Using commercial hardware, telecommunications equipment vendor Ericsson demonstrated LTE Advanced to regulators in Stockholm on Tuesday.
The demonstration was the first time Ericsson has showcased key LTE Advanced functionality such as carrier aggregation over the air, using spectrum it had borrowed from the Swedish regulator PTS, in a mobile environment, the company said.
The easiest way to increase mobile broadband speeds is to use wider channels. But spectrum is a limited resource, so the telecom industry has had to come up with a solution that circumvents that reality, and that is carrier aggregation. The technology allows operators to bunch together spectrum in different bands and use them as one data link.
The Ericsson demonstration used three channels at 20MHz each and recorded download speeds at up to about 940M bps (bits per second). That is three times as much spectrum as the current generation of LTE needs to perform at its best, which is about 80M bps. A recent test of TeliaSonera's network in Stockholm topped out at 84.5M bps.
Ericsson invited regulators to show what is possible when enough spectrum is made available and also to highlight the need for spectrum harmonization, the company said.
Swedish regulator PTS wants to encourage local operators to use carrier aggregation, which it has done by making spectrum licenses neutral, according to Urban Landmark, head of its spectrum department and one of the attendees at Ericsson's demonstration. The Swedish government wants 85 percent to 90 percent of all households and businesses to have access to at least 100M bps by 2020 and that won't be possible unless operators can use technologies such as carrier aggregations, Landmark said.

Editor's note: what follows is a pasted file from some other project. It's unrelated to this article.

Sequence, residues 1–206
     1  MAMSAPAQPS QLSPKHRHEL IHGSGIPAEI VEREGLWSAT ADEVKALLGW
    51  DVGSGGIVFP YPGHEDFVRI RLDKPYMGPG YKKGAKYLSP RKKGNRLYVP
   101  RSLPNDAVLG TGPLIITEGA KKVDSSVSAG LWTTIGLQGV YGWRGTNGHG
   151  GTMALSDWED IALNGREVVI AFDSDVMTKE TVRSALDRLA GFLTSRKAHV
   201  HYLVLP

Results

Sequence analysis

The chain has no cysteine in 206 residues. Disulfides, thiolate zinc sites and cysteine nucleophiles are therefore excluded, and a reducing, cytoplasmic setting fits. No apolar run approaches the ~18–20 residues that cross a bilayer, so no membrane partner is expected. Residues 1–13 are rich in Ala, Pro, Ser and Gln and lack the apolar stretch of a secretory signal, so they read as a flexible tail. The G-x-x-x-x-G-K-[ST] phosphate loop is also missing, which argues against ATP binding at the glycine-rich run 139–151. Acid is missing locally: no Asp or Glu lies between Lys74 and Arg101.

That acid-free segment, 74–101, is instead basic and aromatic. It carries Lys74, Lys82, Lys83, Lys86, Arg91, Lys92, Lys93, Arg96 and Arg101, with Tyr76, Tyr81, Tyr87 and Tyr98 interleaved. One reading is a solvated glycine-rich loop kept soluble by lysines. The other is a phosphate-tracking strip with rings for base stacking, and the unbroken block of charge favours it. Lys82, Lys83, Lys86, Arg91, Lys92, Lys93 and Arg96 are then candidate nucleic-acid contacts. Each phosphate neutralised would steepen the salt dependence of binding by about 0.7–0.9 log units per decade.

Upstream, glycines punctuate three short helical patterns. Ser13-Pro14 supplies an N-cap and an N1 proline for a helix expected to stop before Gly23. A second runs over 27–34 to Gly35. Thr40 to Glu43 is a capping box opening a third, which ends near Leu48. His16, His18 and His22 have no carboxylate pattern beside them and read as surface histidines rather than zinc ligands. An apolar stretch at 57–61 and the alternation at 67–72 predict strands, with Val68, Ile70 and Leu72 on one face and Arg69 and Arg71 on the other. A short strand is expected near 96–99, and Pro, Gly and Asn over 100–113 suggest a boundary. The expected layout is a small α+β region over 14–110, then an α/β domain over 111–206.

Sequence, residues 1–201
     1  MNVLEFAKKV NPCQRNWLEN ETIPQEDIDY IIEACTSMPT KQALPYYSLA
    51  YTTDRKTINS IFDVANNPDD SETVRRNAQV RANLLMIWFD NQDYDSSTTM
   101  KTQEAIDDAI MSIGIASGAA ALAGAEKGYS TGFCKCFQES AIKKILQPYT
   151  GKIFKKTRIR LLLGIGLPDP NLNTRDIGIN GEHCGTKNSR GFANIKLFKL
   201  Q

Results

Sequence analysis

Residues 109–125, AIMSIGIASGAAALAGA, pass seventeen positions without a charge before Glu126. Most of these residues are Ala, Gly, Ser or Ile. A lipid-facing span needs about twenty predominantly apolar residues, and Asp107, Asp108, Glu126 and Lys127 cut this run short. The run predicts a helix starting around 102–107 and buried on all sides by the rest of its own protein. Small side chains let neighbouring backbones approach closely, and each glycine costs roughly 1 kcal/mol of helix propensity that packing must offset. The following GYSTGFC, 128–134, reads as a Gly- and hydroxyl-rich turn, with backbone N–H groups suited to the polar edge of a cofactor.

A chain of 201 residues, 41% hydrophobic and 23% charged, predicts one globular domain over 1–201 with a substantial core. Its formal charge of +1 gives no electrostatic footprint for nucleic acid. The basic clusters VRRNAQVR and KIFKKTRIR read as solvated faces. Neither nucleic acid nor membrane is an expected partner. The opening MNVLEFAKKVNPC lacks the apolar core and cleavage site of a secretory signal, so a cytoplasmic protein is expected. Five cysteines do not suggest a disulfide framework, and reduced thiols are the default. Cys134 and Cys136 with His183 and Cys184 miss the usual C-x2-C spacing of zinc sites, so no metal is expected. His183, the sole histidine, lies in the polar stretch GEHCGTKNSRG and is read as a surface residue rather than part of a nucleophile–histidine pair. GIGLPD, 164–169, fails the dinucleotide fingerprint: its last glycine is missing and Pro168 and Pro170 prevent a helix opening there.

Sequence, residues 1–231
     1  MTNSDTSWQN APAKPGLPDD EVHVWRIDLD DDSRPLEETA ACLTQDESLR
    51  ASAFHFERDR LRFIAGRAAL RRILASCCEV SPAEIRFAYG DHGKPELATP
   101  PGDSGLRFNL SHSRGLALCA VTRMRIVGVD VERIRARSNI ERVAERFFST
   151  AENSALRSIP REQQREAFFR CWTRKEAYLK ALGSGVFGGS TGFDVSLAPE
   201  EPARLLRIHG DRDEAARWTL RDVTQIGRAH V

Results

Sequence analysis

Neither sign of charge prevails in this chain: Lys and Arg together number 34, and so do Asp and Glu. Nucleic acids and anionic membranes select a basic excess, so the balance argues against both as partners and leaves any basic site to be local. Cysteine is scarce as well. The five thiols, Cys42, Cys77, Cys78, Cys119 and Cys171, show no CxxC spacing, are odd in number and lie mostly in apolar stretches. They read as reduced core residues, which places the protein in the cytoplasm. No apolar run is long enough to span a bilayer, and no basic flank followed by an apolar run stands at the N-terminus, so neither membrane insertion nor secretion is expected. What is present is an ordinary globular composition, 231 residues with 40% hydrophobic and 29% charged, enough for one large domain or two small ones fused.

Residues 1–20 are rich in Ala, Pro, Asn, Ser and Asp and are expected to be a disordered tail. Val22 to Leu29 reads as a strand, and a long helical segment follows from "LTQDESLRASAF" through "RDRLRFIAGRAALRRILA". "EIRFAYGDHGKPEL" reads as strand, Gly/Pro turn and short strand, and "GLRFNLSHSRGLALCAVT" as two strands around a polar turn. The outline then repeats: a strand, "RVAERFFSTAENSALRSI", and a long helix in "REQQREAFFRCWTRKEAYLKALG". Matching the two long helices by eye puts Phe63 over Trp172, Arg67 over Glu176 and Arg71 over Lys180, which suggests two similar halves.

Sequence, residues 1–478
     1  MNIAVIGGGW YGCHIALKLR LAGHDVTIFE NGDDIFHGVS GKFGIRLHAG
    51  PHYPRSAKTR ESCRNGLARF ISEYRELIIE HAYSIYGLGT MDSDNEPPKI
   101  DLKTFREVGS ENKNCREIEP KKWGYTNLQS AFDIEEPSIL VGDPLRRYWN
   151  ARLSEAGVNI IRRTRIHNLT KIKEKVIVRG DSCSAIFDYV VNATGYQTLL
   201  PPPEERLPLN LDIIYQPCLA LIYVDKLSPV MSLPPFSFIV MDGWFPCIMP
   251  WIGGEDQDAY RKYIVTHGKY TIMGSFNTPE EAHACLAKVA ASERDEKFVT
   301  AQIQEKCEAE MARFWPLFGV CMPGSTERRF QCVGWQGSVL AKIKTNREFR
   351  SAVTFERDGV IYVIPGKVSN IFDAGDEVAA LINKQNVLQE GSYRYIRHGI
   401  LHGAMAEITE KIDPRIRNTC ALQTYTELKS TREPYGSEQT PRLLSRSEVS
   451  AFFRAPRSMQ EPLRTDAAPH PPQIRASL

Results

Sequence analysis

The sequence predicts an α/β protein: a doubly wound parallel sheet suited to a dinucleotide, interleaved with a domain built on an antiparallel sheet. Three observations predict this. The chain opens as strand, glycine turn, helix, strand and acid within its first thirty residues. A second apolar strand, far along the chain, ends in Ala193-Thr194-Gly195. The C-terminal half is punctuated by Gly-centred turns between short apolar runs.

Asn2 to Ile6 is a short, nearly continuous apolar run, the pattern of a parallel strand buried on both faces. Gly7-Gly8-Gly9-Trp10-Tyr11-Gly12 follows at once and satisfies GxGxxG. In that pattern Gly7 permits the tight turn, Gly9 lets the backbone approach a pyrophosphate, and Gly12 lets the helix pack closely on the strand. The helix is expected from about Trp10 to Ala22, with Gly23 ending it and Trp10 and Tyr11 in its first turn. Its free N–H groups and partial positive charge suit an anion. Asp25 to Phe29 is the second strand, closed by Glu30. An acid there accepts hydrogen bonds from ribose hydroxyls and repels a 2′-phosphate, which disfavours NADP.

However, just using carrier aggregation isn't enough to get mobile network download speeds close to 1,000M bps. The Ericsson demonstration also used multiple-input, multiple-output (MIMO) functionality, a technology that increases download speeds by sending data using multiple antenna -- in this case, eight antennas in both the base station and on the user equipment. To what extent vendors are able to implement that on devices remains to be seen, but it will be easier on tablets and laptops compared to smartphones because of the increased real estate.
Ericsson expects the first stages of LTE Advanced to be in commercial operation in 2013.
LTE is still very much in its infancy, but it is the fastest developing mobile system technology ever, according to industry organization GSA (Global mobile Suppliers Association). So far, commercial networks have been launched in Austria, Denmark, Estonia, Finland, Germany, Hong Kong, Japan, Lithuania, Norway, Philippines, Poland, Sweden, the U.S. and Uzbekistan, it said in a report published last month. The GSA expects that at least 81 networks will be in service by the end of the year and 154 firm deployments are in progress or planned in 60 countries, it said.
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